Carbon Dioxide Capture/Sequestration Renewable Biofuels Production


Anthropogenic Greenhouse Gas Capture/Sequestration Using Algae
Plants use carbon dioxide for growth. The photosynthesis process in plants utilize CO2 gas in the conversion of solar light (electromagnetic energy) into carbohydrates (chemical energy) for growth. Simple example of the process below:
Chlorella Pyrenoidosa Mag. X400
In nature, algae capture atmospheric carbon dioxide absorbed into the water for conversion through the photosynthesis process.

Increased amounts of carbon dioxide available from anthropogenic emissions in addition to the increased nutrient rich farm runoff and wastewater, as well as sunny days, increases the growth rate of the algae.

Just look at the algae blooms in the news today. Increased nutrient rich runoff from mankind has helped to proliferate algae blooms in rivers, lakes, and oceans worldwide. Mother nature is trying to tell us something.

Chlorella Pyrenidosa
Phyco: prefix; from the Greek, phukos meaning seaweed, algae; phycology


Copyright 2008 Phyco2 LLC
Studies are underway to capture/sequester greenhouse gas emissions and pipe them into the ground for long term storage as a means of providing a solution to the problem of global warming. There is no return on the capital invested in this technology other than carbon credits.
"Although nature commences with reason and ends in experience
it is necessary for us to do the opposite, that is
to commence with experience and from this to proceed to investigate the reason."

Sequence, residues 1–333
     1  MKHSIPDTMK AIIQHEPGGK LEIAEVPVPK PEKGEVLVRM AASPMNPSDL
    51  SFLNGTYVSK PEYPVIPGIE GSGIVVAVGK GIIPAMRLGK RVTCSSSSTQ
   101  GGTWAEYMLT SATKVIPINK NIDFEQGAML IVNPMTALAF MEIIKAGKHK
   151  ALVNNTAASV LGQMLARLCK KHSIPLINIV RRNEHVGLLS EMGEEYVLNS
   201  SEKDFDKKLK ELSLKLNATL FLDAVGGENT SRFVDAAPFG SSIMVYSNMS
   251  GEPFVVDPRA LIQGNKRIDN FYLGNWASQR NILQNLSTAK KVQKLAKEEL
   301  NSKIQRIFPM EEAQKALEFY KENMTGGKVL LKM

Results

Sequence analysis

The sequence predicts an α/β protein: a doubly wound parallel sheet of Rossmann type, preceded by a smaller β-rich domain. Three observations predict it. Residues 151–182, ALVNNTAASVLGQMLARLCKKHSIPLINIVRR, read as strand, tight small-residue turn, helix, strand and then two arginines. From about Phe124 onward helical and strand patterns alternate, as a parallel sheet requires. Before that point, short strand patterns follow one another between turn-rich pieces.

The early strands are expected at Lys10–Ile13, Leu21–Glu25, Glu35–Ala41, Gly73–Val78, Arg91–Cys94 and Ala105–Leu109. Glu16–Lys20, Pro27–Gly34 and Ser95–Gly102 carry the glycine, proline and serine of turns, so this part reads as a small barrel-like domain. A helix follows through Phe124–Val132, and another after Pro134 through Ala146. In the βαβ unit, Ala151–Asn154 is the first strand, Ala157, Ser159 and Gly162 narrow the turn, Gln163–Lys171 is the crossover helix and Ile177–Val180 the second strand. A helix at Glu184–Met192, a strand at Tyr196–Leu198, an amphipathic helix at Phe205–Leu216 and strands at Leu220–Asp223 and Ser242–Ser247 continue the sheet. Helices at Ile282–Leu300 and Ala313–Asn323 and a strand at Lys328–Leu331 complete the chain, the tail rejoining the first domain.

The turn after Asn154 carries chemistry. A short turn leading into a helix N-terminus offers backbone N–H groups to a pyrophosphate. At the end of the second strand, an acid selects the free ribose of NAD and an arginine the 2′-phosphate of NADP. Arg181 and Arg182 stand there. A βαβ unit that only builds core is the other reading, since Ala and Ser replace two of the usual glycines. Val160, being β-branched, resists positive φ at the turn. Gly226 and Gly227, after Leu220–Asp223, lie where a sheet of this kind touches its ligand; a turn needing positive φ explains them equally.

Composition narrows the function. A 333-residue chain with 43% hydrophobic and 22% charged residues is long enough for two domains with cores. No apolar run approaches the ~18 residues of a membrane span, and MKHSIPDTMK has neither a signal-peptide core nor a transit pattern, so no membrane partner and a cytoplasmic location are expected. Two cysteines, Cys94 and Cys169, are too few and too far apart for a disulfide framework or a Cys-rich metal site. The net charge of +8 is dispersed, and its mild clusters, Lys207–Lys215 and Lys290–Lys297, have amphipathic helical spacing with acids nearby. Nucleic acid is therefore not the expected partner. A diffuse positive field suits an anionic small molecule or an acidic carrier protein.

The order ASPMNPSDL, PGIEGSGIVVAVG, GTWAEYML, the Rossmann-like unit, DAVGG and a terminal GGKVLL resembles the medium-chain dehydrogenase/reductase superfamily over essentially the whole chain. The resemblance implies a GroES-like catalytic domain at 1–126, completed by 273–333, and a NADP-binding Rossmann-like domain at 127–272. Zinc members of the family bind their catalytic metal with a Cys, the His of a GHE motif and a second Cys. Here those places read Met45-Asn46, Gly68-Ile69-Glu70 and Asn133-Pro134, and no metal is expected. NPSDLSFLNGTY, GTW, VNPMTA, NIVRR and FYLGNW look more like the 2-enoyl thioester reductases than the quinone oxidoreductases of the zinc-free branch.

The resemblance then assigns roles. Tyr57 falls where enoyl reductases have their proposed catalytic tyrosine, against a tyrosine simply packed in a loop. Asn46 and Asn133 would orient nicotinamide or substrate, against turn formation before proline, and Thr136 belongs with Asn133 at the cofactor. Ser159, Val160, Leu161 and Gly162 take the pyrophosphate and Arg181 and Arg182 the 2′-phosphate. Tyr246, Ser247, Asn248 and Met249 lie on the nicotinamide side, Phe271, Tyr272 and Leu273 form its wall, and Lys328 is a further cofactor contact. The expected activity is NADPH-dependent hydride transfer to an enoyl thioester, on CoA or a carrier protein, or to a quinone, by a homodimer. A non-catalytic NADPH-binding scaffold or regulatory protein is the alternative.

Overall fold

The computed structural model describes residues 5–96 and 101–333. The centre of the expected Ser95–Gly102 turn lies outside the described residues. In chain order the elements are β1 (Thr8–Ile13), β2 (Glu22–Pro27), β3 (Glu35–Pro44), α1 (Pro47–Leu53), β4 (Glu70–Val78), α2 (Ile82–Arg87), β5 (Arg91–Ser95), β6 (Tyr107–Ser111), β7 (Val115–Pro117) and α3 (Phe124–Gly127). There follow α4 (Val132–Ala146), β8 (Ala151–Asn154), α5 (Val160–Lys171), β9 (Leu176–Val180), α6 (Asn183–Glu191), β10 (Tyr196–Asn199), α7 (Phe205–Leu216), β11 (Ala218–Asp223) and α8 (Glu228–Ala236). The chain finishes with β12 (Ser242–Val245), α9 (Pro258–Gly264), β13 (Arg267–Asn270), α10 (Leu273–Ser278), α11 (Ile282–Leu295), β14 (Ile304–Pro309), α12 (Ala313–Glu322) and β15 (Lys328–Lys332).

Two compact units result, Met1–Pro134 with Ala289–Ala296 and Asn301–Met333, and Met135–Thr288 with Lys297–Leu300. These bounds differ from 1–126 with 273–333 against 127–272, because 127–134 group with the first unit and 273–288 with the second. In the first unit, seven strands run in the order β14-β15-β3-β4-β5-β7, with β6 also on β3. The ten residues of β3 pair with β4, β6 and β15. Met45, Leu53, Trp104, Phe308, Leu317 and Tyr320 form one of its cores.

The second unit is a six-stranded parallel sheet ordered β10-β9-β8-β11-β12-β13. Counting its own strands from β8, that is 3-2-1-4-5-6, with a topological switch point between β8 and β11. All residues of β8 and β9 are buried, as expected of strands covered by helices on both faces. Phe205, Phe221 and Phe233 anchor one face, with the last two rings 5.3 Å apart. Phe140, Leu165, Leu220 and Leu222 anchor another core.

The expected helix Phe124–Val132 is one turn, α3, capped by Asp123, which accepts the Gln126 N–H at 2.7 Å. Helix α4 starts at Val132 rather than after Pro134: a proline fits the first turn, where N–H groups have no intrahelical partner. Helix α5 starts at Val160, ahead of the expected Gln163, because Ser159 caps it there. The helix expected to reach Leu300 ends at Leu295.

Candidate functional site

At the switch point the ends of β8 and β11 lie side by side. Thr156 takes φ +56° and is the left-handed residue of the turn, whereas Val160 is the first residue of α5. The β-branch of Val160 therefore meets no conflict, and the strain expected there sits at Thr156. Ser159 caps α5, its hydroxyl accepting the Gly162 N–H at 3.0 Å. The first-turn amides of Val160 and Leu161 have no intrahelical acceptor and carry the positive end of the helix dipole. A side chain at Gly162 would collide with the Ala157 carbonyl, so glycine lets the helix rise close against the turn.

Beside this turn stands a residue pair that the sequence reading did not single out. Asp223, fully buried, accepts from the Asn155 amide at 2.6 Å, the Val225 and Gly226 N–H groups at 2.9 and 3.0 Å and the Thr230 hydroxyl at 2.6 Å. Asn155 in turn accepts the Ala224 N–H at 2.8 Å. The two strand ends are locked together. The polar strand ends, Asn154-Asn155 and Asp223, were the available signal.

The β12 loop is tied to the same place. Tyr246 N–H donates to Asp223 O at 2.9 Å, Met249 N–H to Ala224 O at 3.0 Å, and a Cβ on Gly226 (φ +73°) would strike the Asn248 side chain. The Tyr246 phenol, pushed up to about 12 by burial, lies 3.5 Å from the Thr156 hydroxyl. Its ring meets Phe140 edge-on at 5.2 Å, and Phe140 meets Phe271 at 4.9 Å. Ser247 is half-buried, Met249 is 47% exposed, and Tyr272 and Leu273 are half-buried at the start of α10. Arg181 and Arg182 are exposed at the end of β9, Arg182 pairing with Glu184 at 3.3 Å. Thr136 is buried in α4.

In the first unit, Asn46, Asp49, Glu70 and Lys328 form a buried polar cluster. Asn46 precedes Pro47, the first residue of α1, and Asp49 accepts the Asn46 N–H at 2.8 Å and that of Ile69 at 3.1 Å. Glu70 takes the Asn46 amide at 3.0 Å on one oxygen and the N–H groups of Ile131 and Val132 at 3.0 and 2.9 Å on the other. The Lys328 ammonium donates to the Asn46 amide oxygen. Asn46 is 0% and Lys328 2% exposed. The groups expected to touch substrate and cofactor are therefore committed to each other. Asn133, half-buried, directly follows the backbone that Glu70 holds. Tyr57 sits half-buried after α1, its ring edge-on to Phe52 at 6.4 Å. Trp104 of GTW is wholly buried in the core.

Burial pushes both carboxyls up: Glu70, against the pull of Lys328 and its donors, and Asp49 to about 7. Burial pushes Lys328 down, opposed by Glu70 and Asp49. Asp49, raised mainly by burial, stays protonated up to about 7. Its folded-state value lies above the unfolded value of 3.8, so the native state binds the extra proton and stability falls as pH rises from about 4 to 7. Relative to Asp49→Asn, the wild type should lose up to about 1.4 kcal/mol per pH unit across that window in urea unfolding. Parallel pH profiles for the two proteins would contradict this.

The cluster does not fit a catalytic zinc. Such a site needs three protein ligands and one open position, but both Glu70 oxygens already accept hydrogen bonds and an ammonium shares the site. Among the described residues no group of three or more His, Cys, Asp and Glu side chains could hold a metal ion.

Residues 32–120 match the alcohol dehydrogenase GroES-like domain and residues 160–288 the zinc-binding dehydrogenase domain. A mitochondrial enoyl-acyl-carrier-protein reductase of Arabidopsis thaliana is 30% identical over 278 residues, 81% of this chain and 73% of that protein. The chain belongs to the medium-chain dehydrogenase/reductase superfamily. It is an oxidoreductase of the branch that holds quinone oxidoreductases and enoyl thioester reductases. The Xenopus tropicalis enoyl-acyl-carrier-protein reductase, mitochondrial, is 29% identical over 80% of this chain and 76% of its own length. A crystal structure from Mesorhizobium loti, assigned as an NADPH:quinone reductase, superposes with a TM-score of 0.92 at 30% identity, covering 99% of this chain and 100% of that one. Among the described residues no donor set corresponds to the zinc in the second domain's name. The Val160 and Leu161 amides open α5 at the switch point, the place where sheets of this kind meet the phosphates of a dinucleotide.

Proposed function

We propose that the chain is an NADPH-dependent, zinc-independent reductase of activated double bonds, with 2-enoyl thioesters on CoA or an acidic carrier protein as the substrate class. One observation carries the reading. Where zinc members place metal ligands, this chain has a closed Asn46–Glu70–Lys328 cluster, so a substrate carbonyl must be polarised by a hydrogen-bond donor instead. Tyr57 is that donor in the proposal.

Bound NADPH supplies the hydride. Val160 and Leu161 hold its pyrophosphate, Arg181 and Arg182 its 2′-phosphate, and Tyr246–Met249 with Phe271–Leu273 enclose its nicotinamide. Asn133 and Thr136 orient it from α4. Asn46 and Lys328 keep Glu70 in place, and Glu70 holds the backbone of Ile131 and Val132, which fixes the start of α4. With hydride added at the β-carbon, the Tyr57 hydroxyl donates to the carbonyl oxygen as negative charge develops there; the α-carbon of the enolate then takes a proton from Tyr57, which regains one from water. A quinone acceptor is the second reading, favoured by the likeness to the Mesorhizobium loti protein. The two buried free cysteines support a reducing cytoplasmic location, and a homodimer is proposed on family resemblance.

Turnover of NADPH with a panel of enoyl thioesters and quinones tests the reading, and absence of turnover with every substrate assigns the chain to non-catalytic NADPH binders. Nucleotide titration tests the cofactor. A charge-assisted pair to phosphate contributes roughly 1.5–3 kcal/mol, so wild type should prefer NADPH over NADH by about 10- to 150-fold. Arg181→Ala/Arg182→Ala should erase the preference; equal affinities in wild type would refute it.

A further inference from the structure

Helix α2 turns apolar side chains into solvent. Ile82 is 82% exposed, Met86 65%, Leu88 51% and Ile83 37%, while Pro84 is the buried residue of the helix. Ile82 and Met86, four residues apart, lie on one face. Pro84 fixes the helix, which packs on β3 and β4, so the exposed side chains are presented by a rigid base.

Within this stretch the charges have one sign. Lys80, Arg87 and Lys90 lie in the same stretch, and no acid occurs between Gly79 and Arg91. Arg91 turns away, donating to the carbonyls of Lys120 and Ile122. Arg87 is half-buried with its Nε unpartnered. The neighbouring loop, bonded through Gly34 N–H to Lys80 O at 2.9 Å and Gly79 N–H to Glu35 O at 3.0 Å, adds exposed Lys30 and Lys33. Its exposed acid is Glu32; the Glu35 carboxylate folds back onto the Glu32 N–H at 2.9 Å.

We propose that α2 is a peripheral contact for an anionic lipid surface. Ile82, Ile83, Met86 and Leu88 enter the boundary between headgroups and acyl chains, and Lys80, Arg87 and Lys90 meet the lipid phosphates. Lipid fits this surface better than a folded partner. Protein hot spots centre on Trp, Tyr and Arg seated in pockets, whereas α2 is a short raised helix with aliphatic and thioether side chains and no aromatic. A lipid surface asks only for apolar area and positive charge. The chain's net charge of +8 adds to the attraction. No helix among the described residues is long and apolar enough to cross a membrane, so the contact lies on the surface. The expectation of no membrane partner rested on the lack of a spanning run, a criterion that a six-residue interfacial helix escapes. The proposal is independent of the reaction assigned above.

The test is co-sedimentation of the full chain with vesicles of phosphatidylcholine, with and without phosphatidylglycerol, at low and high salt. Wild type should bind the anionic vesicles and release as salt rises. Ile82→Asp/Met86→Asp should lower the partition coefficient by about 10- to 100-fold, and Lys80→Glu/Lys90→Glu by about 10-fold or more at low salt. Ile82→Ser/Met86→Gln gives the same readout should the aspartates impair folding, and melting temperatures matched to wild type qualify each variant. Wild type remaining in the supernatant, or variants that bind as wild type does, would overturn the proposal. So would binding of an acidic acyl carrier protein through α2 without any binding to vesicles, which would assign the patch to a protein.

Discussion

Leonardo da Vinci

Microalgae are microscopic aquatic plant species that have the same natural needs as their land based relatives for growth - sunlight, carbon dioxide, nutrients and water.
anthropogenic - adjective: (chiefly of environmental pollution and pollutants) originating in human activity; anthropogenic emissions of carbon dioxide.

Phyco2 has a solution that provides a return on this investment in addition to a cleaner - healthier environment.

The patent-pending HILED algae photobioreactor was concieved with out-of-the-box thinking. With years of researching, designing, building and testing of a 1/2 full-scale prototype, the "Helix Tube Photobioreactor for the Cultivation of High Lipid Algae as a Feedstock for Biofuels" was born.

Phyco2 was formed to exploit the technology and was assigned the rights and renamed the technology "HILED APB".

With continued R&D, Phyco2 has refined it's HILED APB process to mimic algal growth in nature as well as improving the process through optimized distribution of only the specific electromagnetic energy (photon wavelengths) used in the photosynthesis process, without utilizing direct line of sight solar energy. Providing specific wavelengths of photon energy, for optimal photosynthesis, in addition to increasing available CO2 over a continuous 24-hour period allows for greater algal growth rates and increased CO2 capture/sequestration utilizing the anthropogenic CO2 gas emissions from greenhouse gas emitting facilities.


Only a small percentage of the total energy that hits our planet daily, in the form of solar electromagnetic energy, is used for photosynthesis. The HILED APB process can utilize solar energy, but in an unconventional way that increases the amount of specific electromagnetic photon energy that promotes optimal photosynthesis.

Phyco2's technology can increase the amount of algal biomass grown compared to an one-acre pond system by utlilzing the increased illuminated surface area designed into it's closed loop HILED APB system. More algal biomass per day means increased CO2 capture/sequestration.

Another uinique feature is that this technology is not limited to one level per installation like direct solar technologies. Phyco2's HILED APB Technology, does not require direct sunlight. It can be stacked vertically providing increased algal growth on limited acreage. Most importantly, it does not require level or agricultural land for installation. Phyco2's HILED Algal Photobioreactor is a quantum leap in the next generation of the algae carbon sequestration to biofuels processes.


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